Common Names in English:
Thread-Leaved Brodiaea, Thread-Leaf Brodiaea, Threadleaf Brodiaea
, from fibrous-coated corms. Leaves 1-6, basal; blade
, crescent-shaped in cross
. Scape solitary, cylindrical, usually slender, occasionally stout, rigid
. Inflorescences umbellate
, open, bracteate
; bracts scarious
, not enclosing flower buds. Flowers: perianth 6-tepaled, distinctly connate
proximally into tube
, shiny, abaxial
perianth usually bluish purple, tube narrowly campanulate
, outer 3 lobes
narrower than inner 3; stamens 3, epitepalous, opposite inner perianth lobes, alternating with 3 staminodia (staminodia absent in B
. orcuttii) opposite outer perianth lobes; filaments
to perianth tube, linear, base
to form triangular flap, or sometimes with abaxial wings or appendages
to style; pistil 3-carpellate; ovary superior, green (purple in B. jolonensis), sessile, 3-locular, ovules several; style erect; stigma 3-lobed, lobes distinctly spreading
and recurved; pedicel erect
at base. Fruits capsular
, dehiscence loculicidal. Seeds black, rounded
to flattened, coat
with crust with longitudinal
= 6, 8, 12, 16, 18, 20, or 24.
Species 14: w North America including Mexico (Baja California).
Two schools of thought have existed regarding generic limits within the complex of species recognized under Brodiaea, Triteleia, and Dichelostemma: a single large genus (Brodiaea s.l.) with three subgenera (S. Watson 1879; W. L. Jepson 1923-1925; P. A. Munz 1959), or three separate genera (E. L. Greene 1886; R. F. Hoover 1939; G. Keator 1967, 1989, 1993; T. F. Niehaus 1971, 1980). Recent molecular, anatomical, and developmental evidence supports neither of these views . Bloomeria is related to Triteleia, and Brodiaea is closely related to Dichelostemma, with the only hexandrous species, D. capitatum, being sister to the rest of the three-staminate Brodiaea/Dichelostemma clade (R. Y. Berg 1978, 1996; J. C. Pires 2000). This recent evidence also suggests that the sections presently established within Brodiaea are in need of revision ; thus a sectional classification is not utilized in this treatment (R. F. Hoover 1939b; T. F. Niehaus 1971; J. C. Pires 2000).
Polyploidy and ecological specialization to serpentine and other unique substrates is common in Brodiaea, resulting in several rare and endangered species. Eleven of the fourteen species are restricted to California, where the flowering date is highly dependent on the amount of moisture in the early spring . Several species are exceedingly variable. Corms of some species were eaten by native Americans. Among the most important diagnostic characters within Brodiaea are features of the androecium, particularly the size and shape of the staminodia and apical filament appendages. These characters are easily seen with a hand lens in the field . When collecting flowering specimens, one should make a point of mounting a few dissected flowers in a manner that displays these critical characters.
Species Brodiaea filifolia
Scape 20-30 cm, slender. Flowers 14-20 mm; perianth violet-reddish purple, tube narrowly cylindrical, 6-8 mm, transparent, splitting in fruit, lobes widely spreading , 10-14 mm; filaments 0.5-1 mm, base not triangular, with narrow abaxial wings ; anthers linear , 3-5 mm, apex widely notched ; staminodia inconspicuous, reflexed against perianth, purple, threadlike, 2-4 mm, apex subulate ; ovary 4-5 mm; style 6-7 mm; pedicel 1-4 cm. 2n = 24. [source]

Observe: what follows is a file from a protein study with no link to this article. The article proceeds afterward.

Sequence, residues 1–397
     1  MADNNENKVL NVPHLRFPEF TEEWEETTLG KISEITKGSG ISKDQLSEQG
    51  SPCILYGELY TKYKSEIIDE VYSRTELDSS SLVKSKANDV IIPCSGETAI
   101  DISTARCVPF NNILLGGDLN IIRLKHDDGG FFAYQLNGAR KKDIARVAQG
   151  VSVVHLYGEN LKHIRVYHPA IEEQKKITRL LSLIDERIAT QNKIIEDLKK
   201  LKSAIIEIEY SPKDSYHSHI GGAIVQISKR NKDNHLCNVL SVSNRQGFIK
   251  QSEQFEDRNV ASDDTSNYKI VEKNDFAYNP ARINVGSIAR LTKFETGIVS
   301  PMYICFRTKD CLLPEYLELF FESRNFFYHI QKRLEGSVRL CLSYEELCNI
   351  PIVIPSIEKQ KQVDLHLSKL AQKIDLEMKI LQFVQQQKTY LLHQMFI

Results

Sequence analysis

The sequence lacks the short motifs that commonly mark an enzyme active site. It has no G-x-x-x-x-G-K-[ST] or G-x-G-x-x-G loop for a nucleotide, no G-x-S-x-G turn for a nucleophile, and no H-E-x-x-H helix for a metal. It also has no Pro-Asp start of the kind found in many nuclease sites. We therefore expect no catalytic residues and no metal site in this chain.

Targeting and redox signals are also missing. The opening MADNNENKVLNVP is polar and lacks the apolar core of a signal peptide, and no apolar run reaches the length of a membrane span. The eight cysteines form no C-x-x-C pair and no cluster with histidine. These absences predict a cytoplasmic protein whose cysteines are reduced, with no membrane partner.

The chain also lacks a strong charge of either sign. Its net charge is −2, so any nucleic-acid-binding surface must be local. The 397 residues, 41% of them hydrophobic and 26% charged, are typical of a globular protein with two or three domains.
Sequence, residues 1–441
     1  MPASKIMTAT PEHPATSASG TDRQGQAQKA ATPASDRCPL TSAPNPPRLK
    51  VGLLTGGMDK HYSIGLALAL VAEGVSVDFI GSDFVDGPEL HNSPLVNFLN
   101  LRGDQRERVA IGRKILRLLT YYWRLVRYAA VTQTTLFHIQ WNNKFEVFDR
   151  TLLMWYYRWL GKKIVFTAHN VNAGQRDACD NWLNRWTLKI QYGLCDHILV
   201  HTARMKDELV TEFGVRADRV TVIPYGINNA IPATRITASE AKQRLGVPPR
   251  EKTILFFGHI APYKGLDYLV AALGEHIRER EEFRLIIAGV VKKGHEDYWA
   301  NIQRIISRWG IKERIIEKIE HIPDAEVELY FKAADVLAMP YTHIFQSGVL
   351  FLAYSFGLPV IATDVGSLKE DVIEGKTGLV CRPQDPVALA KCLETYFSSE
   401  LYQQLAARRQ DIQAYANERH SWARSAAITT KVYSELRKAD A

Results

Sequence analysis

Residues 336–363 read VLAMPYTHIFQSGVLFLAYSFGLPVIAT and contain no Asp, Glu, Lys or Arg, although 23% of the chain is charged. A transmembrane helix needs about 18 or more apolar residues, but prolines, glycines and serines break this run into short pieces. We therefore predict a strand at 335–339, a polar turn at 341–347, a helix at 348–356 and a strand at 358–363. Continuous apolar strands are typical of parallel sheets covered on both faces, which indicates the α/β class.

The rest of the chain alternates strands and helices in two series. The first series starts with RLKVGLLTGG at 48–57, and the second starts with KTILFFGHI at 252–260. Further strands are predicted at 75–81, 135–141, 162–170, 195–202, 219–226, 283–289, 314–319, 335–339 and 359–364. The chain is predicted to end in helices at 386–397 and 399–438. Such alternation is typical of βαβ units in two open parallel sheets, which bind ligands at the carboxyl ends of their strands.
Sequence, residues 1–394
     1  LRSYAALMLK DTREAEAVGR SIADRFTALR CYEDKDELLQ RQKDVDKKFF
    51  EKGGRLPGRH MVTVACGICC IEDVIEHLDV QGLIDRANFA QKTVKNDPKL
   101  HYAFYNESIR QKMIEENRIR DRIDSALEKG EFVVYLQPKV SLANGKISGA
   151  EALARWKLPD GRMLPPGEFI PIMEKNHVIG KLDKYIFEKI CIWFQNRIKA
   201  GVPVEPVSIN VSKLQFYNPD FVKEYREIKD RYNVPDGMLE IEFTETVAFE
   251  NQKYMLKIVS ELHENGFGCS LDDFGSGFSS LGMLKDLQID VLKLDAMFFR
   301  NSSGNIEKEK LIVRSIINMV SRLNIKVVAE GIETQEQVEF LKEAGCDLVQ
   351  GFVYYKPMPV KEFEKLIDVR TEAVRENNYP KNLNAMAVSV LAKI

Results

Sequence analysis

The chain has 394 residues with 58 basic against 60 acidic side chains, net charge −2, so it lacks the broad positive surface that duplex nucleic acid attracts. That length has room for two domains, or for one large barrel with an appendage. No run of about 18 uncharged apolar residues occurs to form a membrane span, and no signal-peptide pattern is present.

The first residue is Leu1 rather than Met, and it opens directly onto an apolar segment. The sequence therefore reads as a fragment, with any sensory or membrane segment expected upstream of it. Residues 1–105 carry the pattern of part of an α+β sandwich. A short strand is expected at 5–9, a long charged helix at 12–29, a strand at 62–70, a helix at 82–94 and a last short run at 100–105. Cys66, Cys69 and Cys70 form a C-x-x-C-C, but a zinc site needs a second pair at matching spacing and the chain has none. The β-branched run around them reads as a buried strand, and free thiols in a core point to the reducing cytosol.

Flowers: Bloom Period: February, March, April, May.
; of conservation
concern; 0--300 m.
filifolia is endangered
. It grows on clay soils
at the edges
pools and flood plains
in southern California. It has been extirpated
from Los Angeles and San Bernadino counties and is seriously threatened
by development, vehicles, and agriculture in Riverside
and San Diego
counties. It is in cultivation.
This species typically occurs on gentle hillsides, valleys, and floodplains in semi-alkaline mudflats , vernal pools, mesic southern needlegrass grassland, mixed native-nonnative grassland and alkali grassland plant communities in association with clay , loamy sand, or alkaline silty-clay soils (Peirce and Beauchamp 1979; CDFG 1981; Swinney 1991; Bramlet 1993; U.S. Fish and Wildlife Service 1998). In Orange County and San Diego County, the distribution of thread-leaved brodiaea is highly correlated with specific clay soil series. Localities occupied by this species are frequently intermixed with, or near, vernal pool complexes, such as at the Santa Rosa Plateau and in the Upper Salt Creek drainage southwest of Hemet in Riverside County (CNDDB 1998, U.S. Fish and Wildlife Service 1998).
Typically found at an altitude of 0 to 1,278 meters (0 to 4,193 feet).
Unlike many species of Brodiaea, members
of the subgenus
do not reproduce vegetatively and rely on seed germination (Niehaus
1971). Thread-leaved brodiaea blooms from March through June (Skinner
and Pavlik 1994). The bell-shaped
flowers are violet in color (Munz
1974). Brodiaea are self-incompatible and pollination between individuals
must take place in order
seed (Niehaus 1971). Niehaus
(1971) found that a broad spectrum of insects visit Brodiaea flowers
but only tumbling flower beetles (Mordellidae) and sweat bees (Helictidae)
were found to transport pollen between flowers. On the Santa Rosa
, Gary Bell found that native
bees were faithful to specific
brodiaea species but the European honeybee was not (G. Bell, the
Nature Conservancy, pers. comm.
1997, cited in U.S. Fish and Wildlife
Service 1998; S. Moray, California Department of Fish and Game Endangered
Plant Program, in litt., 1995). Sexual reproduction may occur in
“pulses” when the dominant cover
of European annuals
is reduced as
a result of fire suppression (S. Moray, in litt., 1995).
Dispersal : Upon maturity, the ovaries three lobes split, revealing many small (2 to 2.5 mm long) black seeds (Munz 1974). The seeds are then dispersed as wind rattles the capsules and releases the seeds (Smith 1997).
- Whittaker & Margulis,1978
- Haeckel, 1866
- Cavalier-Smith, 1981
- Sinnott, 1935 ex Cavalier-Smith, 1998
- Vascular Plants
- Kenrick & Crane, 1997
- Brongniart, 1843
- Takhtajan, 1967
- Takhtajan, 1967
- Bromhead, 1838
- Family: Asparagaceae () - A.L. de Jussieu, 1789, nom. cons.
- Suborder: Asparagineae () -
- Order: Asparagales () - Bromhead, 1838
- Superorder: Lilianae () - Takhtajan, 1967
- Subclass: Liliidae () - Takhtajan, 1967